Ferrari ready to invest for "significantly more expensive" 2020
Ferrari says it is prepared to invest more money in its Formula 1 team, including building a new simulator, as it expects a "significantly more expensive" 2020.
In an unusually hectic Formula 1 Spanish Grand Prix, Charles Leclerc was denied a dominant performance by his Ferrari engine letting go which allowed Max Verstappen to pick up the pieces. But numerous flashpoints kept the race twisting and turning throughout, with one perfect score from an emerging contender
Charles Leclerc’s Ferrari engine disaster offered an open goal for Max Verstappen and Red Bull to strike, but the reigning Formula 1 world champion still had to solve multiple errors and profit from a begrudged assist from team-mate Sergio Perez, which created an unexpectedly eventful Spanish Grand Prix
Formula 1's return to Spain on Friday ended with Ferrari leading the way from Mercedes, while Red Bull could only manage third fastest overall courtesy of Max Verstappen. But its chances of victory are far from remote with a deeper dig into the times despite Ferrari's strong start...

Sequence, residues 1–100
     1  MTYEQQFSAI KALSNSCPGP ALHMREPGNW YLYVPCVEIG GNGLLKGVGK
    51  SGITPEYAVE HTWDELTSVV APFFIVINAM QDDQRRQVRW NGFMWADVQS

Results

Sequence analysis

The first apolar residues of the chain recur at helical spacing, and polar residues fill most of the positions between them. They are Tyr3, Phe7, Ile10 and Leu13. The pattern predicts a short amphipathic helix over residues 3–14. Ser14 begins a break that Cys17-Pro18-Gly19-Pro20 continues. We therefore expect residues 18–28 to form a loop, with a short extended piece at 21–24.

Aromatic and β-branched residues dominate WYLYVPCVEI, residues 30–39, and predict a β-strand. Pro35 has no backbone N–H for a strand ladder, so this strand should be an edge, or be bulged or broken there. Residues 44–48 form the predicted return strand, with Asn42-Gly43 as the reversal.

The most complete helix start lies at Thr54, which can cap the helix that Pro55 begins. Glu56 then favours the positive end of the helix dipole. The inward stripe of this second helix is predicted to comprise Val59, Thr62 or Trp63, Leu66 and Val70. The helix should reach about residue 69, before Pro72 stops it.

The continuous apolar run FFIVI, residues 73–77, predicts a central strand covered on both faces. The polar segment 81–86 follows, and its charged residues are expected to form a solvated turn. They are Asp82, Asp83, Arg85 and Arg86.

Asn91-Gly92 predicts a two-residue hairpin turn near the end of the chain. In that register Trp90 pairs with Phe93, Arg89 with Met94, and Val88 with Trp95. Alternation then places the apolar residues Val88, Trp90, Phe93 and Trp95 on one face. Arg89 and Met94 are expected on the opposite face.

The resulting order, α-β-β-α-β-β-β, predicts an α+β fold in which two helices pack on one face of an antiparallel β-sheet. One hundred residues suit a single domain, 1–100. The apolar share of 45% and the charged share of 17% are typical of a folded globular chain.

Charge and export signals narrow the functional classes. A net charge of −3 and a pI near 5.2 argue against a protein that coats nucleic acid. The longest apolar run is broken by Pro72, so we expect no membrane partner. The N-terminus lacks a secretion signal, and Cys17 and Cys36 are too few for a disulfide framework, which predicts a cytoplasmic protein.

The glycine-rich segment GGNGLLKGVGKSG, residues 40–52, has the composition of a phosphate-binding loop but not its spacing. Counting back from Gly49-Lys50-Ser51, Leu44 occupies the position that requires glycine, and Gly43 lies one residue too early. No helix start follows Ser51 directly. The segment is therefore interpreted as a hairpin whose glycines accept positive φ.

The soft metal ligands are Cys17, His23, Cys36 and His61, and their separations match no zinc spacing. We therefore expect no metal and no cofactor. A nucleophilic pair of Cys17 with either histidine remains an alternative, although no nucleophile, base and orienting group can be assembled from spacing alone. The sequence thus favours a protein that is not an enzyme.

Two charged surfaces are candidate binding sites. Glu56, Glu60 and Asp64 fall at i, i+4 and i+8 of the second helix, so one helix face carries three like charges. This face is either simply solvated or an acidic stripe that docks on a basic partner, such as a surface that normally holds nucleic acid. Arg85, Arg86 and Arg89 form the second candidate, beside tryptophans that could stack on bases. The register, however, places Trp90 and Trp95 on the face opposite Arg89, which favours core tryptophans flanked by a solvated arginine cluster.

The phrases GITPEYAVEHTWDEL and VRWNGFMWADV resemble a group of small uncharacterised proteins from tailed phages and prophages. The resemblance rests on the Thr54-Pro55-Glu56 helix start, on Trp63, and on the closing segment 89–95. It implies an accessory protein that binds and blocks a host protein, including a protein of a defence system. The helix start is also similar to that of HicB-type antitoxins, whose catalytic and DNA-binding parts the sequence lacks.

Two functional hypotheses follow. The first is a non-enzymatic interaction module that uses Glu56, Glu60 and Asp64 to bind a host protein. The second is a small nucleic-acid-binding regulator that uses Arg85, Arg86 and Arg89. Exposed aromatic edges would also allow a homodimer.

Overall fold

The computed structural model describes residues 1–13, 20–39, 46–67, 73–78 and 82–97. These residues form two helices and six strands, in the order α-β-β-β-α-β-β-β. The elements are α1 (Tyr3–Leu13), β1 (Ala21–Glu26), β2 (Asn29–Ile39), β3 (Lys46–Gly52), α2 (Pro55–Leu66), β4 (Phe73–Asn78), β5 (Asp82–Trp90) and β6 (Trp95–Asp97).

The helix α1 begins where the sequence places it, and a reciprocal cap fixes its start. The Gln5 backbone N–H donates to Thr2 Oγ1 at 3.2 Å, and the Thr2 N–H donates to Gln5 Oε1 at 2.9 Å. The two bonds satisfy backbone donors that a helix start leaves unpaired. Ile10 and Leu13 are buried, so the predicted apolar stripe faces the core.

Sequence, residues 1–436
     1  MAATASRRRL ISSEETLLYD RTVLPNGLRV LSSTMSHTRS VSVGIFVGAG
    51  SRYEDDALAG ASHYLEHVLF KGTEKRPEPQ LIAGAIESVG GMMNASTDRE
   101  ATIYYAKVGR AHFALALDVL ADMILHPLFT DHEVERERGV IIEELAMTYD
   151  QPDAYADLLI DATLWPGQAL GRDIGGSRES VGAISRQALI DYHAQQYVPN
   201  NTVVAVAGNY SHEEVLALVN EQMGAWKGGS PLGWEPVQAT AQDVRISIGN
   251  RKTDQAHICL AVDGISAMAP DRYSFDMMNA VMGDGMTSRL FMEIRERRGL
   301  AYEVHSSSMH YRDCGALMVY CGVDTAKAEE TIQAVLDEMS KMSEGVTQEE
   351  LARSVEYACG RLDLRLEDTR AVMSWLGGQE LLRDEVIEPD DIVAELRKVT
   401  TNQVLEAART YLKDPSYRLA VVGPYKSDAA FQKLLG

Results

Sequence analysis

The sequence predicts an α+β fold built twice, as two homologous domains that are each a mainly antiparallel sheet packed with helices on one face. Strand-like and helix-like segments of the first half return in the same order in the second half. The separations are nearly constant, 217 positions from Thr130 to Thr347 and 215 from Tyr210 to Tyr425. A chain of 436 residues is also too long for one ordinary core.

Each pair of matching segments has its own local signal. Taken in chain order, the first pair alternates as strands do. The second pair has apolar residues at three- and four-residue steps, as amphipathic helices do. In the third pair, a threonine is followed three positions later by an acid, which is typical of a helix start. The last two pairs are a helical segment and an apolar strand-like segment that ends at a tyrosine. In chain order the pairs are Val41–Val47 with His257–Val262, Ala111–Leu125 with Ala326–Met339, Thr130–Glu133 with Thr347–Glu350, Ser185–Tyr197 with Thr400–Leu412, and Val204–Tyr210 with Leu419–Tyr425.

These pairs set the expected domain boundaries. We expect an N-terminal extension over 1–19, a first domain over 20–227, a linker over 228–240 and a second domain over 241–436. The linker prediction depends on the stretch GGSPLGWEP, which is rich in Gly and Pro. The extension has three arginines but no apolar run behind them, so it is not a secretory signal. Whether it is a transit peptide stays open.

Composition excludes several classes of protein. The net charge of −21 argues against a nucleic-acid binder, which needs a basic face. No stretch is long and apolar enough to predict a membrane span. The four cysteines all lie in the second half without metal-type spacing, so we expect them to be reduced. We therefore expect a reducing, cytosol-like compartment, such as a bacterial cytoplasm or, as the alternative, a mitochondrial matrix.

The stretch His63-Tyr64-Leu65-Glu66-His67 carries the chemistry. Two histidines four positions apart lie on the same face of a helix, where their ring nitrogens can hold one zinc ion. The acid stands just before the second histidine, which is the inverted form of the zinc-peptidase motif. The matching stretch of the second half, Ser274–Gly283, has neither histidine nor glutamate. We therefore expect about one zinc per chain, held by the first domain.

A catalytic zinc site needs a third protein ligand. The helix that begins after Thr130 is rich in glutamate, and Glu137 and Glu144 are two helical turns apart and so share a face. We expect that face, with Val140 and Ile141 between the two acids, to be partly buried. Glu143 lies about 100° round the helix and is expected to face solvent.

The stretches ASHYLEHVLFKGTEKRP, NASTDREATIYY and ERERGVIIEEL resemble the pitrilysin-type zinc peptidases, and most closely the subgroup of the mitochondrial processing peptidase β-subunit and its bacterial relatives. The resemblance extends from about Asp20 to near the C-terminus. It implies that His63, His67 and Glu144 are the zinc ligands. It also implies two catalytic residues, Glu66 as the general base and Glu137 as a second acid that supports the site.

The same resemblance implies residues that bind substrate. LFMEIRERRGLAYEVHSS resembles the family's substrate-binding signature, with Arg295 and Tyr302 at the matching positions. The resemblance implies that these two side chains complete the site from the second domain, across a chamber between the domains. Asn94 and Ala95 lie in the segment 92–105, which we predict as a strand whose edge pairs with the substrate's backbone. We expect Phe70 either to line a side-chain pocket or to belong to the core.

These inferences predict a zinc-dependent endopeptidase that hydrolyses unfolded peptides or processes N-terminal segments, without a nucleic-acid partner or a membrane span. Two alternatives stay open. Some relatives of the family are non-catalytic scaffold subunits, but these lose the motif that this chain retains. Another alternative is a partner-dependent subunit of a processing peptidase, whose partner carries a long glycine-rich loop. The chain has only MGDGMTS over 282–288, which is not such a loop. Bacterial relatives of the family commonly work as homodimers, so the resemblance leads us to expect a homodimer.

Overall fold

The VW Group’s German superpowers of sportscar racing have all but confirmed they are coming to F1 when the next set of engine rules come into force in 2026. Here's why both manufacturers are all set to take the plunge, and crucially how it might work
Holding a race in Las Vegas – party central, a city of dreams and decadence and, yes, more than a smattering of tackiness – has been on Liberty Media’s most-wanted list since it acquired Formula 1’s commercial rights. But, as LUKE SMITH explains, F1 has been here before and the relationship didn’t work out
A Formula 2 and Formula E champion, Nyck de Vries is currently considering where his future in motorsport lies. Continuing in WEC and Formula E is possible and he's also courted glances Stateside after impressing in an IndyCar test. But ahead of his Formula 1 FP1 debut with Williams, he could have another option if he impresses...
OPINION: For a demo run ahead of Monaco's Historique Grand Prix, Charles Leclerc was blessed with the opportunity to drive Niki Lauda's former Ferrari 312B3 - but a brake failure at Rascasse suggested Leclerc's Monaco hoodoo transcended contemporary F1. Although an awkward incident, Leclerc deserves credit for embracing F1's history.
OPINION: The fight for the 2022 Formula 1 world titles between Red Bull and Ferrari so far features little of the public animosity that developed between the former and Mercedes last year. But that isn’t to say things are full on friendly or won’t get much worse very quickly…